AOL Gets Local
AOL launched a beta version of its new local search product today. Though MapQuest has served as the de facto centerpiece of its local search functionality, AOL has trailed behind its search and portal competitors in having a dedicated local search product that is packaged as such.
Part MapQuest, part AOL City Guide, the product will have a user experience similar to those of Google Local, Yahoo! Local, Windows Live Local and Ask City. In other words, on a basic level, it will provide local business search with results arrayed against a map.
Given MapQuest’s traditional affinity for keeping it simple and focusing on basic functionality, best directions and comprehensive underlying data, it will be interesting to see how this new product develops with the mapping bells and whistles that have driven the competition among the aforementioned providers (multi-point directions, real-time traffic data, user reviews, etc.).
The business search angle on which this product (and most local search products) is based adds an entirely new element to the competitive strategy that has driven MapQuest’s evolution and suggests the need for more competitive features. MapQuest in other words is the dominant market share leader (68 percent, according to Nielsen) for mapping and driving directions, but a broader local search product will require an entirely different competitive differentiation strategy that involves a feature-rich interface. Ask has been the most innovative in this respect over the past year.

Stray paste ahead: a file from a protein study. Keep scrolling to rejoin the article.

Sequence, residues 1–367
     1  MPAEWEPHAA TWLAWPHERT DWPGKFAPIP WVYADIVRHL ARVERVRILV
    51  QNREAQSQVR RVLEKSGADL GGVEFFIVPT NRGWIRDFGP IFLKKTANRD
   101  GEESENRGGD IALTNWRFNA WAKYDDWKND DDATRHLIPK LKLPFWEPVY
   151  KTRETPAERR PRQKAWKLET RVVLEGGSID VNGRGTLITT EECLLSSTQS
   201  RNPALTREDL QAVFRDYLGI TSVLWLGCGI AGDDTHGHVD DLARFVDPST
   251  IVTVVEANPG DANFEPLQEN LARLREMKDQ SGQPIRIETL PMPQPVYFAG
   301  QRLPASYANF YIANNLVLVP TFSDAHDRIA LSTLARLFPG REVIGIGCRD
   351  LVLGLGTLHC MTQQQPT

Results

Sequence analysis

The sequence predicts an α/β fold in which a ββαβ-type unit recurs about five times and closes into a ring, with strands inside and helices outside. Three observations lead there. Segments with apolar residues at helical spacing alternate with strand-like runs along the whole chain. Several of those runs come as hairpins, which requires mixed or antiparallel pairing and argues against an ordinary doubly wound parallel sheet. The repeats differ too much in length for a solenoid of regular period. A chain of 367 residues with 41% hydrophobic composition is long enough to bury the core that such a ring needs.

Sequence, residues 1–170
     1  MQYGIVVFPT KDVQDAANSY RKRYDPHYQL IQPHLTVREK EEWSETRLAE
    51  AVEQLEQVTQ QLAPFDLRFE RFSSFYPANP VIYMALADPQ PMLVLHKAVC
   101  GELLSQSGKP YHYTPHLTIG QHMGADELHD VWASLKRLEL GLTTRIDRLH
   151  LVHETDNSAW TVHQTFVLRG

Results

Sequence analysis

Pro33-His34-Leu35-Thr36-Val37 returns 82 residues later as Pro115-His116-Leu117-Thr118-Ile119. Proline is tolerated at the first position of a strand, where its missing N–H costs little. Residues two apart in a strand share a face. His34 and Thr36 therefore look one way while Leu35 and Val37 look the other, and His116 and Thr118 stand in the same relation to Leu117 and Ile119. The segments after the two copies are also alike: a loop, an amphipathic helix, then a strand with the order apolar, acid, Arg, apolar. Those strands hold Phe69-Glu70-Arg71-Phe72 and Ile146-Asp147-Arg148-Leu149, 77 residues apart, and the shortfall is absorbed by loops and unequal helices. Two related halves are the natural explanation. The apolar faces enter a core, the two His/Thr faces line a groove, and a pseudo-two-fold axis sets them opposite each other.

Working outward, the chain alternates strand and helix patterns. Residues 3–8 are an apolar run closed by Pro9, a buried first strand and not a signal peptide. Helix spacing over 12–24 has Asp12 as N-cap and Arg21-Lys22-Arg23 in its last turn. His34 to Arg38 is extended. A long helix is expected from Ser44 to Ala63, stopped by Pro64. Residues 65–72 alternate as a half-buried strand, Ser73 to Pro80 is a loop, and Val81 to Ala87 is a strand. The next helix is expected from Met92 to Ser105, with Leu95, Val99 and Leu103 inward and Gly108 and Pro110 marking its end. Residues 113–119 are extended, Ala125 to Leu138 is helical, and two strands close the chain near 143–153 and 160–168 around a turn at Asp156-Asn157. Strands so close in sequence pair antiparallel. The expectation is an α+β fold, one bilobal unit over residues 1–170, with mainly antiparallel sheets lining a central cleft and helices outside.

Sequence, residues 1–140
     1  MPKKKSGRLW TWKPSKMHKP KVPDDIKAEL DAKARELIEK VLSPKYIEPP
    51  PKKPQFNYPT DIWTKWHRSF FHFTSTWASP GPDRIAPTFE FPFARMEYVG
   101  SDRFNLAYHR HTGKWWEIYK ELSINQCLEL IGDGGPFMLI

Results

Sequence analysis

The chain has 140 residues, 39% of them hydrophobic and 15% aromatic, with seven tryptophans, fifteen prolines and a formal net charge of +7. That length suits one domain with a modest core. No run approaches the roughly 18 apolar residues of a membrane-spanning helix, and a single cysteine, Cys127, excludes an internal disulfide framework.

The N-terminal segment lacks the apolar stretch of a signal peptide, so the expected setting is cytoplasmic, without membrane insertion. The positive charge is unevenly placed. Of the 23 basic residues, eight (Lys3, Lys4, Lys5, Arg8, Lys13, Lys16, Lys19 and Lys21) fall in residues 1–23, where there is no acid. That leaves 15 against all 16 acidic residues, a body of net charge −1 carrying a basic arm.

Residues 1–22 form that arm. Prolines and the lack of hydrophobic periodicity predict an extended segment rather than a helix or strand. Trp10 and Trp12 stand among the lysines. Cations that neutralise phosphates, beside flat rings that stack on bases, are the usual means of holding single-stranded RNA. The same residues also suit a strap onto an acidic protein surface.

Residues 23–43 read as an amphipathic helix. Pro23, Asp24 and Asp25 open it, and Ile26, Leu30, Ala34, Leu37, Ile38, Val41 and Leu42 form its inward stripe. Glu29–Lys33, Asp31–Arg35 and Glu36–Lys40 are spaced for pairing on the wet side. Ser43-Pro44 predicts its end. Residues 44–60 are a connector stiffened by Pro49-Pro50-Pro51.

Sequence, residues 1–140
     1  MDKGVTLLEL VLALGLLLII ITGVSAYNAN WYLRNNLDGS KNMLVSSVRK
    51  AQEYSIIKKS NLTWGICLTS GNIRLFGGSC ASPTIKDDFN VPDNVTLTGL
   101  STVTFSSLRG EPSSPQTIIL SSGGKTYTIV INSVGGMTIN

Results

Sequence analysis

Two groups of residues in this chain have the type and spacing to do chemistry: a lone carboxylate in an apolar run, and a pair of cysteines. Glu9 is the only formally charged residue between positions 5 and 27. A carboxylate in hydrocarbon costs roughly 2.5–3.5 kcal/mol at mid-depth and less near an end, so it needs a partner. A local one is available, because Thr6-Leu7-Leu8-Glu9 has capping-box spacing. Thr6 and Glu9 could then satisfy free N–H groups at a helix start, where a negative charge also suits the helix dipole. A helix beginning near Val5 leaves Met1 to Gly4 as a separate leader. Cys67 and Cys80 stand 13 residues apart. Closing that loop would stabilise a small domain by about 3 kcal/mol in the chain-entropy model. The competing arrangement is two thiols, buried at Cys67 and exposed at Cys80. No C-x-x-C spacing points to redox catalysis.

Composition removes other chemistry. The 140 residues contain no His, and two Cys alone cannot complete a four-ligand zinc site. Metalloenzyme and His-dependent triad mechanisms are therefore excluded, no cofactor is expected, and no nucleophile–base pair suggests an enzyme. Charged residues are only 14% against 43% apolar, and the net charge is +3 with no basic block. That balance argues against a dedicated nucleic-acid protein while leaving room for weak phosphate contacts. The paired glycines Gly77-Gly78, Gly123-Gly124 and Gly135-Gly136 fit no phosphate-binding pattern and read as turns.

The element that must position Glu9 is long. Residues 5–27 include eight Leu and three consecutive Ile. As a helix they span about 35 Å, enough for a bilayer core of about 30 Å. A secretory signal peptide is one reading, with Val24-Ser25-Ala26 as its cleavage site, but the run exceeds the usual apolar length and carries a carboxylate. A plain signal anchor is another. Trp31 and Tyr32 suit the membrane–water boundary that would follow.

Not to downplay solid basic functionality, though. “Will it find what I’m looking for?” is also paramount in local and is the No. 1 factor in user retention (though bells and whistles can help get them in the door) for local mapping products. Finding exactly what you are looking for by having the most comprehensive underlying data for place search is what MapQuest attributes to its commanding online mapping market share lead. If it can transfer this competitive differentiation to local business search, it will go far in gaining market share for this new product in the competitive and crowded local search space.
There will still be overall market growth and opportunity here, though. With the last major search portal launching a local search product, it’s clear local is “table stakes” for search engines. It’s a mistake to see local as its own vertical, as we’ve pointed out in the past; rather, it is a necessary (horizontal if you will) component to any comprehensive search or portal product. The opportunity here ties back to findings from The Kelsey Group’s recently released forecast that project the global interactive directory market (local search and IYP) to grow from US$4.1 billion last year to US$11.1 billion in 2011 a 22.3 percent compound annual growth rate.
The site itself has a clean interface and nice integration with MapQuest. It also returns comprehensive results in the few searches that I did. A more comprehensive across-the-board comparison of local search results is deserved. In the meantime, check out the site for yourself here.